According to a 2003-2004 British Airways study on airport air quality, “APUs on aircraft are often necessary to provide a source of on board electrical, pneumatic and hydraulic power for the aircraft, and a source of air for the aircraft’s air conditioning systems. Although small by comparison with an aircraft’s main engines, APUs may be required to operate for a significantly longer time on the ground, and therefore cannot be ignored.
“By opting for fixed electrical ground power (FEGP) and pre-conditioned air (PCA) whenever it is available, the emissions from ground power units (GPUs), mobile ground generators and APUs, can be minimized and emissions reduced as a result.”
Along those lines, one area that has taken a quantum leap forward is ground power generation. Rapidly fading into obscurity are the days of fuel-guzzling gas turbine generator sets, with the majority being replaced by more fuel-efficient diesel models or fully electric solid-state power converters. Use of aluminum versus steel in cabinet and frame construction has reduced towed weight significantly, resulting in ease of handling and additional fuel savings from tow vehicles.
The advent of computer technology has reduced diagnostic and maintenance costs as well. Many units on the market today encompass fully-integrated diagnostic software packages, event storing features and error reporting tools. In addition, modern weather-proof enclosures not only provide protection from the elements, they reduce sound-level DB attenuation as well.
With many of the above listed advances incorporated into heating, ventilating and cooling systems (HVAC) as well, environmental control has become a benchmark for industry progress. Utilizing facility hard-mounting or truck/trailer mounted units, modern HVAC systems boast a wide variety of power plants and propulsion methods. Newer and more environmentally friendly refrigerants such as R-134a and R-410a aim at reducing hydrocarbon emissions, and in this area, GSE leads commercial facilities by an enormous margin. Fully automated temperature controls and advanced protection and control features have resulted in “walk away” systems supporting unattended operation.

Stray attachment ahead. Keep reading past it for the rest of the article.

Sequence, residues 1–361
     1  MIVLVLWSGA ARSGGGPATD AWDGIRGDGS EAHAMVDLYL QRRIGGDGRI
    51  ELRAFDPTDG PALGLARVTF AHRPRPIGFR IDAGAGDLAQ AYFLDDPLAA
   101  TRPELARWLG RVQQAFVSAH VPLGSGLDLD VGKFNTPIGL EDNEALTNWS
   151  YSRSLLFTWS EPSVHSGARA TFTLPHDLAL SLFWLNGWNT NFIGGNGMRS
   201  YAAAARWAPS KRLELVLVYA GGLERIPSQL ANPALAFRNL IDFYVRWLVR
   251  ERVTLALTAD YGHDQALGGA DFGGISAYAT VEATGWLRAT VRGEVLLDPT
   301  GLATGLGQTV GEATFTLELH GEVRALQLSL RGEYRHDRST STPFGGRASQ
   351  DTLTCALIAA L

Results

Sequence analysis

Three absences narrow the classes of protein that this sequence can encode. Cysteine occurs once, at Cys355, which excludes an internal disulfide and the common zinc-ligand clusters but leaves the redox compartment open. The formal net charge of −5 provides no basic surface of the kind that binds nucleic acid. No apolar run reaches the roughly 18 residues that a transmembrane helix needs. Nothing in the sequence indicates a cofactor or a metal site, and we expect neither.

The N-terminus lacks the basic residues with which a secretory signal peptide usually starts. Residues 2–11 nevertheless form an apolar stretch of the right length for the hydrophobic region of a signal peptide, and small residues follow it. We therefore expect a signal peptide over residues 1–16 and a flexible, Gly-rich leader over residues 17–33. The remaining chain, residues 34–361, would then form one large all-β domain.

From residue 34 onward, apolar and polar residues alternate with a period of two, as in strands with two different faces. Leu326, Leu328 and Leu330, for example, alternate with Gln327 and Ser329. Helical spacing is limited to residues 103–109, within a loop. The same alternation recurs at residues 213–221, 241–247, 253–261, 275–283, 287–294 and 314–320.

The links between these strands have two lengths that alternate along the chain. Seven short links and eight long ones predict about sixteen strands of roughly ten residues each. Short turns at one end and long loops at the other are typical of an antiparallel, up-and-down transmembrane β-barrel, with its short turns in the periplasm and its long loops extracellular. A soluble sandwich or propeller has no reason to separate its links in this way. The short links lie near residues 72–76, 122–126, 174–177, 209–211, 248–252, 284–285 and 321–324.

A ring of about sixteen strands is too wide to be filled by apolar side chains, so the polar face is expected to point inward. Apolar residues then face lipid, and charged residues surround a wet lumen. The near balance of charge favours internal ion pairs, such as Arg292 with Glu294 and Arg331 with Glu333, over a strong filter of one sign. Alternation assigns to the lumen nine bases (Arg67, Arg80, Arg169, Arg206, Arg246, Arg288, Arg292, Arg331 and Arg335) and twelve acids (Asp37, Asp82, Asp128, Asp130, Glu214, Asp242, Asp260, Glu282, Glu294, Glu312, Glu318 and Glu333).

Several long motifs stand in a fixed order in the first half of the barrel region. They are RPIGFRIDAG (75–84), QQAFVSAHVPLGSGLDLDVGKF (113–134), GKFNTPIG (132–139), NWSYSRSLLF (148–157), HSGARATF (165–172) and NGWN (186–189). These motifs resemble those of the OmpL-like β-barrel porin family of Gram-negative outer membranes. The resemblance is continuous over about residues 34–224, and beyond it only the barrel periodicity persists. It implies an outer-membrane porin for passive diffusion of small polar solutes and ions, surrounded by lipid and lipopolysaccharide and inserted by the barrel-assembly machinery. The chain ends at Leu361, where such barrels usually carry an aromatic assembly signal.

Of course, none of these advances would be possible without an equally well-equipped support staff. Any system is only as good as the technicians who support it, and those technicians increasingly depend on a diverse array of training solutions.
Disciplines unheard of a decade ago, from on-board computer maintenance to in-office database administration, have become integral components in the ground support professional’s tool kit. Environmental protection and hazardous waste (HAZMAT) containment and disposal have tremendous liability and potential for error, and require training programs that address those issues in a solid and conscientious manner.
Progressive education in both the military and civil aviation sectors has proven crucial to optimizing productivity and maximizing the lifespan of the new technology, and this promises to be a burgeoning area, consuming a growing portion of the ground support budget for the foreseeable future. As in all maintenance endeavors, quality PGSE support requires the dedicated planning and organization of those skilled professionals entrusted to the care of the equipment. Based on the progress I have seen in the last 25 years, that equipment remains in qualified, capable hands.